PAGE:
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By Barbara Bronson Gray, RN, MN from her blog “BodBoss.”

This is an excellent check-list type article about preparing for, and following up after, surgery. There are a myriad of things we as patients can forget, so it helps to have some reminders.

Wednesday, January 16, 2013
Planning to Have Surgery?

If you or someone you love is planning to have surgery, there are some things you can do to help ensure a good recovery.

Before you decide to have surgery, you should be certain you fully understand the pros and cons, risks and benefits of the procedure. Do some research on the procedure and talk directly with your physician. Be sure you know the implications of waiting versus going ahead with the surgery now, and understand the medical and other alternatives that are available to you.

Get a second opinion. Talk with a physician who is not a surgeon, perhaps an internist. Don’t proceed until you have no question this is the right approach for you to take now.

If you decide to have the surgery, you may want to talk with two or more surgeons to compare their approach to your problem and see how comfortable you are with them. Ask what facility they would use, and why. Since facilities that do a higher volume of the surgery you’re going to have frequently have better outcomes, ask about that.

Does the surgeon have joint ownership in the facility? Good to consider. Will you be able to get an early-in-the-day surgery if you prefer that?

Once you’ve settled on a surgeon, ask for the pre-operative and post-operative instructions right away, so you’ll have a better idea of what to expect as your surgery day approaches. The surgeon will want you to have certain blood tests, perhaps an ECG and a chest x-ray, and other tests related to your condition, to clear you for the procedure.

Sometimes anesthesiologists have particular tests they want you to have, too. If you can get a list of all the tests the team members want at least a week before surgery, you can save time and avoid last-minute surprises.

The post-op instructions are great to get ahead of time, too. They’ll give you a better idea of what to expect when you come home from the hospital and will allow you to be sure you have the help, supplies, equipment, food, and post-operative medications you may need on hand.

Preparing for the surgery, there’s lots to do. First, prime yourself for the physical challenge of it all by eating right, getting enough sleep, getting plenty of exercise, and managing your stress well. Do things you enjoy. Think of it as preparing for a marathon.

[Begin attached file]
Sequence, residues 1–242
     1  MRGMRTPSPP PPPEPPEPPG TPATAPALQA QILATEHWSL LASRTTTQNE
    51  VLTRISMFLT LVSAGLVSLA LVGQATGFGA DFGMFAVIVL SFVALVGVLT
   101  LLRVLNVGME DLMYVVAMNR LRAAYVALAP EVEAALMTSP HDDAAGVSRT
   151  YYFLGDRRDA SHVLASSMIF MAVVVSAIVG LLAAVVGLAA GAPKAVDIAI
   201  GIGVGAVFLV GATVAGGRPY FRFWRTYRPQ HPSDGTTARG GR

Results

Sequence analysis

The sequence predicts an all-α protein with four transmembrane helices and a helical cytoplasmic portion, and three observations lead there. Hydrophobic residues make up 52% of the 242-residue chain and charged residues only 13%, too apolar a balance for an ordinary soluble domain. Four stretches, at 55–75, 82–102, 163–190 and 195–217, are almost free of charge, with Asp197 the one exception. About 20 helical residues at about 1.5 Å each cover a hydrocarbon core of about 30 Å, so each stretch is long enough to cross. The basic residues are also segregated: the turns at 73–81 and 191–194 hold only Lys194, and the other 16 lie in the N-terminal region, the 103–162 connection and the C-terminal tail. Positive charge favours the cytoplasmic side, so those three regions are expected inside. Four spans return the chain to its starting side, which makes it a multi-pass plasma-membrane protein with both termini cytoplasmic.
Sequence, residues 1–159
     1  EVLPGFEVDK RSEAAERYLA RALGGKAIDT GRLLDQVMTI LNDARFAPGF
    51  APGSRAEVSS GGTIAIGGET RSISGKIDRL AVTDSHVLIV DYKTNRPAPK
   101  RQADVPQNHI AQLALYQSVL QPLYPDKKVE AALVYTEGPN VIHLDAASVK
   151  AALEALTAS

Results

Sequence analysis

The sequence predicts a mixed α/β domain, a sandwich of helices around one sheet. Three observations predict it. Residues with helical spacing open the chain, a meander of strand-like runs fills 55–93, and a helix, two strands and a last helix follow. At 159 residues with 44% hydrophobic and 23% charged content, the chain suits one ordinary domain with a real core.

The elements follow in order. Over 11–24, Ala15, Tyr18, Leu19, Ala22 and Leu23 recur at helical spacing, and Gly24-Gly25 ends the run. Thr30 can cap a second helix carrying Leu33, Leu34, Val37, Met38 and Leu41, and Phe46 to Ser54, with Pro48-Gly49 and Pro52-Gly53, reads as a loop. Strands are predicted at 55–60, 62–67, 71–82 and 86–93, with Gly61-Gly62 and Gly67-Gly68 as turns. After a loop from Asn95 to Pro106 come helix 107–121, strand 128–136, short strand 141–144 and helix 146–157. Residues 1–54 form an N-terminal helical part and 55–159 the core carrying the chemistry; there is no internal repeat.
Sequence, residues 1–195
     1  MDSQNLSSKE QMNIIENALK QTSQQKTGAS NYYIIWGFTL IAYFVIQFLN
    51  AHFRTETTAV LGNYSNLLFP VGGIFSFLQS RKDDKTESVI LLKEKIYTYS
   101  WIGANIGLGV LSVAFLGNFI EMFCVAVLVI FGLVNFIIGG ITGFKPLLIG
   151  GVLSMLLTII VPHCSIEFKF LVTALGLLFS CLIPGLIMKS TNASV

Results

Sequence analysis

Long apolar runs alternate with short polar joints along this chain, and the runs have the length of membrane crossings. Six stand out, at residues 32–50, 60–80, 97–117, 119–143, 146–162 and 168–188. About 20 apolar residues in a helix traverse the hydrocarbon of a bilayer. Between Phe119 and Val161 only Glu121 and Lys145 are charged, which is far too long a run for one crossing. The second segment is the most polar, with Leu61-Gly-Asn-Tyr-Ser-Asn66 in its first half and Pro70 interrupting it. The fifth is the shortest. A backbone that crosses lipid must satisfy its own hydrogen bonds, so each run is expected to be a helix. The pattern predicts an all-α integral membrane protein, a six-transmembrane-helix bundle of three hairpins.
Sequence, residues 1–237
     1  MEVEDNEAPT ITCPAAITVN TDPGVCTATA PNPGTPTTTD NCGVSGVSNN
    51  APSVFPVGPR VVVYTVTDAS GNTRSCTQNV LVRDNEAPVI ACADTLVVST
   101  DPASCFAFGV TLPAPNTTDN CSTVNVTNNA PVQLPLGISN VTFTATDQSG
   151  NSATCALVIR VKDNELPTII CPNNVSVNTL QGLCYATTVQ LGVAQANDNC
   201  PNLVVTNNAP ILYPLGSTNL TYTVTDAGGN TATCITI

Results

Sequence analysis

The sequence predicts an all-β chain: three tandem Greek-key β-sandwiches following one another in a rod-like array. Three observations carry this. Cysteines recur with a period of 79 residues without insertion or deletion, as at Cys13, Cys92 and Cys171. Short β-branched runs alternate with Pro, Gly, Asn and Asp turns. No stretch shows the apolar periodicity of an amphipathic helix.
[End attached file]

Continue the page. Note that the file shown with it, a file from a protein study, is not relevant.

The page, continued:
Talk with your surgeon about any medications you should be stopping as you get closer to the day of surgery. If you’re on blood thinners, steroids, non-steroidal anti-inflammatory drugs (NSAIDS), aspirin products or many other drugs it’s important to know whether you should wean yourself from them and when.

Quiz the surgeon about what exactly you should expect on the day of surgery. The more you know, the less anxious you’ll probably be.

Ask if you can meet with the anesthesiologist beforehand. Often that’s difficult because a team of anesthesiologists takes care of the people scheduled for a given day of surgery, and the doctors don’t get assigned to particular patients until the night before or even the morning of the procedure. But it doesn’t hurt to try.

Even if it’s right before surgery, it’s important to tell the anesthesiologist about any concerns you might have, previous experiences with anesthesia — good or bad — and any particular conditions you’d like him or her to know about. Some people, for example, would like their I.V. in one arm versus the other, or happen to have a loose tooth, (which could be accidentally damaged when they put the breathing tube in surgery), or sense they’ll be very anxious and need a pre-operative sedative.

And sometimes the anesthesiologist will want to talk with you. He or she may offer you options about different kinds of anesthesia, such as general (when you’re completely asleep) to a spinal (when you will be able to see and hear things but would not feel anything). Ideally, this conversation would happen before the morning of surgery, but often it does not.

After the surgery, there are four things everyone who has surgery should do:

  • Restore yourself with lots of sleep, naps, old movies, music — whatever you like. Follow the recommended diet and drink plenty of fluids.
  • Manage your pain. Don’t wait until it is severe. Especially in the first few days, taking pain medication regularly gives you a stable blood level of the drug. That is the most effective way to reduce your pain and discomfort.
  • If you’re able, start moving as soon as you can, as directed by your surgeon. Have someone with you at first and as you need it. Understand that early mobility will speed your recovery. If necessary, take pain medication about 30 minutes before you plan to get up.
  • Don’t hesitate to call your surgeon and/or primary care healthcare provider if you have any questions at all. And don’t miss any follow-up appointments; they’re an important part of ensuring you’re on the road back to good health!

Learn more from the National Library of Medicine.

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